You may remember last week that Mr. and Mrs. Swellesley had hit a patch of domestic discordancy. One half of the team that brings you “more than you really want to know about Wellesley, Massachusetts” (and now more that you really want to know about us as a couple) had mistakenly dropped off 3 Wellesley Free Library books at the Recycling and Disposal Facility books area (see “Mr Swellesley leaves library books at Wellesley RDF; Mrs. Swellesley mad as all get-out”). I pleaded to the Swellesley readership to help us return books to the library and harmony to the marriage.
The call was answered, but first came the other call. The call I feared. I received an email from no less an august personage than Wellesley Free Library Director, Jamie Jurgensen. Uh oh, I’m in for it now, I thought. I wonder if there’s a ceremony for stripping a patron of library privileges? Does Madam Director wish to summons me to my excommunication? I hope she at least turns the Cutting of the Card spectacle into a fundraiser and sells tickets.
But the email was kind and understanding. “Your post made me laugh and cry at the same time,” Jurgensen wrote. “I do hope some astute and kind reader finds and returns the books. We’ll keep a look out on our end.”
Chipper and non-threatening enough, but at the bottom of the email lurked a warning: “When responding, please be advised that the Town of Wellesley has determined that email could be considered a public document.”
Yikes. If I didn’t find a way to make this right, and soon, it was clear that some other kind of shoe could yet drop. If that shoe fell on my head, I might well deserve it. You already know TMI, so I may as well go all in. You see, I am a woman with a past when it comes to library books. Returning them overdue is the least of it. Confession time: I’ve dropped books in puddles. I’ve left books in the rain. I’ve travelled from Point A, gotten off at Point B, but waved the books off to explore Point C all alone. My books have spent lovely months in the Connecticut countryside, watching from the window seat as deer move through the woods, waiting for my return. I’ve had books, swear to God, simply disappear into the ether.
I rectify the problem in the usual way. I throw money at it. Then I vow to become an upstanding library patron with a stainless record, and my vow sticks. Until next time.
Next time is here. I’ve lost three lost books all at once. That’s a record even for me. It’s fun to blame Mr. Swellesley and all, but I wouldn’t want to stand before a judge on this one. I’d probably get a tiresome lecture about how since the books were out on MY card they were MY responsibility, and they shouldn’t have been mixed up in the car with a load of recycling and a Saturday chores-addled husband.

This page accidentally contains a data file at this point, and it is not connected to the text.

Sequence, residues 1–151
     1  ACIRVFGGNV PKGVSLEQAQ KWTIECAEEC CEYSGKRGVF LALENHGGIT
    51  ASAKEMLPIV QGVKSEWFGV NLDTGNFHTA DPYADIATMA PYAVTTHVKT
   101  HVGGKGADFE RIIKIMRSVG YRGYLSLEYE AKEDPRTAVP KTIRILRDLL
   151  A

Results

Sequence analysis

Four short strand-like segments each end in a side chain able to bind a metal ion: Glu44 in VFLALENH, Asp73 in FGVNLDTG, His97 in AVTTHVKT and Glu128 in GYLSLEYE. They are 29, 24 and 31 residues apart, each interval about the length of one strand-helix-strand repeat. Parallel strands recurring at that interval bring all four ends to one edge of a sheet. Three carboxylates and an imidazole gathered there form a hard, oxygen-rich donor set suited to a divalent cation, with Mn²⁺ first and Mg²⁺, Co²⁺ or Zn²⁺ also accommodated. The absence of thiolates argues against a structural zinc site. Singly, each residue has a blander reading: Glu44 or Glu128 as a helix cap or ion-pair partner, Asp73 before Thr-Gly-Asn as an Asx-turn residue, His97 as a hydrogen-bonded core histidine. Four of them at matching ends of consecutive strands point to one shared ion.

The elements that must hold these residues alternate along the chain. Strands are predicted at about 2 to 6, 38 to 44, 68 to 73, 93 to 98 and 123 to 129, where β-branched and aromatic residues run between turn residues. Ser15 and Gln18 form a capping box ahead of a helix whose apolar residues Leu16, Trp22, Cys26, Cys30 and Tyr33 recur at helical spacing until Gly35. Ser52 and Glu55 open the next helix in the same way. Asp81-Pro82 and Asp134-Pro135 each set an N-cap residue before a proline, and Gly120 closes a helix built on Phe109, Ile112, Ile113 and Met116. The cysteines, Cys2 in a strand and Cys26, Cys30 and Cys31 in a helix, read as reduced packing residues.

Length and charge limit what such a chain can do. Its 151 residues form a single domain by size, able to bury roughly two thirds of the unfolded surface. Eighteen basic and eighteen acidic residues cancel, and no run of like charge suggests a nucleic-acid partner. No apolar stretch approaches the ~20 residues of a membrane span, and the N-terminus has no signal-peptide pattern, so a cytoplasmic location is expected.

I had started to abandon hope of ever finding the lost books, but then a Facebook message arrived from sharp-eyed reader Lisa Siegel. “Found your copy of Bowlaway. Should I return to library?” she asked.
“Yes, please return to library! Oh, thank you thank you, thank you! Was it at the RDF? I went yesterday but couldn’t find it…I knew it could still be there, though,” I wrote back.
“Yes, was at RDF,” she confirmed.
Yes! One down, two to go.
Shortly after, the next good-news email came in, this one about On the Same Page by N.D. Gallund. Swellesley reader Amy Haley found it at the RDF while collecting books for Women’s Lunch Place in Boston. “I went through the other books I collected,” she wrote, “but had no luck finding the other two. I’ll drop it off at the library tomorrow.”
Hooray! One more to go: Sapiens: a Brief History of Humankind, by Yuval Noah Harari. Alas, Sapiens has proven to be as elusive as Big Foot, as unlikely to reappear as Cro-Magnon man. Due on March 19, the non-fiction best-seller is a high-demand item with a public that awaits. I’ll hold out until the due date, but if it doesn’t boomerang back, I’ll pay up. Online. That way I won’t have to face the Circulation Desk librarians. I’m all confident smiles to them when I return a pile of books, but there’s always a hang-dog skulk to my posture when I check out books, knowing in my heart what might happen.
Whether or not the last book makes it back, I’m counting myself lucky. I’ve got great Swellesley readers looking out for me and a library that takes me back every time I perform checkbook penance. This time really is going to be the absolutely last time I get myself in this kind of fix.
Thank you, everyone. My spirit has been renewed.